This is both flattering and awkward since my colleague, Pini Herman, conducted the last study 14 years ago, and I have to explain that I can only offer recent history. I still use that study myself as part of my academic research on Jews in cities. One of my recent publications on the 1997 study was published by Casden Institute for the Study of the Jewish Role in American Life at USC, and I draw on some of my findings in this and in future posts.
The most typical question I get have to do with the size and demographic profile of the Jewish population in particular communities, along with inquires regarding where Jews are moving. It’s hard to be very helpful with older data, but I have developed some questions of my own for the next study (may it come quickly and in our time), three of which I share here.
Question 1: Is the Los Angeles Jewish population growing, shrinking or remaining stable?
The 1997 report shows only modest Jewish population growth from 503,000 to 519,000. The latter figure is an underestimate for comparison purposes because the 1979 study included the San Gabriel Valley and the 1997 study did not count children raised in no religion by intermarried parents as Jews. If you add in those two groups the 1997 estimate would be 528,000, or 5 percent growth over 18 years. That’s basically a stable Jewish population, and that stability is impressive given that the white, non-Hispanic population of LA County declined over the same period from 53.3% in 1980 to 32.1% in 2000.
Two recent Jewish population studies of San Diego (2003) and San Francisco (2004) reported growth rates of 27% and 36% during the ten years prior to the study. The ten-year growth rate for Los Angeles in 1997 was only 4% by comparison. This suggests that new Jewish migrants to California are moving to metropolitan areas other than Los Angeles.
Question #2: What’s with the West Valley?
The West Valley (Calabasas west to the end of the Conejo Valley) is generally thought of as the place for young families. This was definitely true in 1979 when more than half the Jewish households there had children. By 1997, however, only a third of the West Valley households had children. That was still a higher percentage than any other area, but nonetheless suggests that this area was aging along with the rest of Jewish Los Angeles. Indeed, only 3% of the households there were empty nesters in 1979 compared with 21% in 1997. Has it become an empty nester community in the years since then?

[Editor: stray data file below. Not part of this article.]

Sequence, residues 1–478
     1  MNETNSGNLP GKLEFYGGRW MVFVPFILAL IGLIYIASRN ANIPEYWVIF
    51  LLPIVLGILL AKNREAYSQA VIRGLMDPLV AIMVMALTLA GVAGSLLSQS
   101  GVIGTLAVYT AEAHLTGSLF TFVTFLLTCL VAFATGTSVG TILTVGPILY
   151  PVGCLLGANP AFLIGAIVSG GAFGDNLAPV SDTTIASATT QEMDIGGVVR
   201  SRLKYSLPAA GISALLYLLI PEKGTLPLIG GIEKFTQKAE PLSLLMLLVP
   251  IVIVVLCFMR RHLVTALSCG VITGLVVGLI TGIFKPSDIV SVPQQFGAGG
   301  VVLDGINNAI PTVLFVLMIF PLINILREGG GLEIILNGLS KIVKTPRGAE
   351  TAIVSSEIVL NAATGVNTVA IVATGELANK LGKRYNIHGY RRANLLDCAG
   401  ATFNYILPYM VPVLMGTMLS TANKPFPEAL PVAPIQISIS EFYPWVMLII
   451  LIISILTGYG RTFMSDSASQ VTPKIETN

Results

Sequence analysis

Question #3: What’s happening in the Santa Clarita and Simi Valleys?
In 1979 most of the Jews in the Santa Clarita and Simi Valleys were either visiting Magic Mountain or at Brandeis-Bardin. Even in 1997 only 4% of the Jewish households in LA County were to be found in these two valleys, in contrast with fully a quarter of all non-Hispanic whites in Los Angeles County. In fact, the Simi, Santa Clarita, and San Gabriel Valleys were the only areas where Jews were under-represented in LA County. Moreover, the intermarriage rate there was 56%, more than double the rate for the rest of Jewish Los Angeles. In other words, these two valleys were attractive primarily to non-Jewish whites and intermarried Jews. But we know that both Simi Valley and Valencia have been intensively developed since then. Has the northwest corner of Los Angeles County become more Jewish since 1997, or has it remained Jewishly marginal?
July 19, 2011 | 12:03 am
Posted by Pini Herman
The Federation reported to the JTA that TNBJI cost $40K and I claimed that it cost $2 million. We’re really not that far apart.
The Federation says that apart from staffing costs…....it spent only $40K.
I said that when you calculate staffing and labor costs and the cost of submitting a proposal…...it comes to $2 million.
The major divergence is in accounting. I count the staffing, labor and opportunity costs of all who were engaged with the TNBJI contest and the Federation does not.
Several journalists asked me how I came up with my estimate of $2 million
Jewish Communal Cost=306 Ideas submitted X 1.5 persons per idea X 60 hours to develop proposal X $60 @hr grant development = $1,652,400.00
Federation Costs=306 Ideas submitted X 16 hrs staff time X $80 @hr= $391,680
[Estimated Community Costs] $1,652,400 + $391,680 [Estimated Federation Cost] = $2,044,080 [Estimated Total]
The contest ran for 143 days. The federation reports that it “engaged 100,000 people in conversation to say what they thought.” The federation stated budget put the cost of each person engaged at 40 cents. If Federation staff cost (of a modest $80 per hour) are considered cost per contest engaged person is $4. If estimated community costs are included, the cost per engaged person is $20.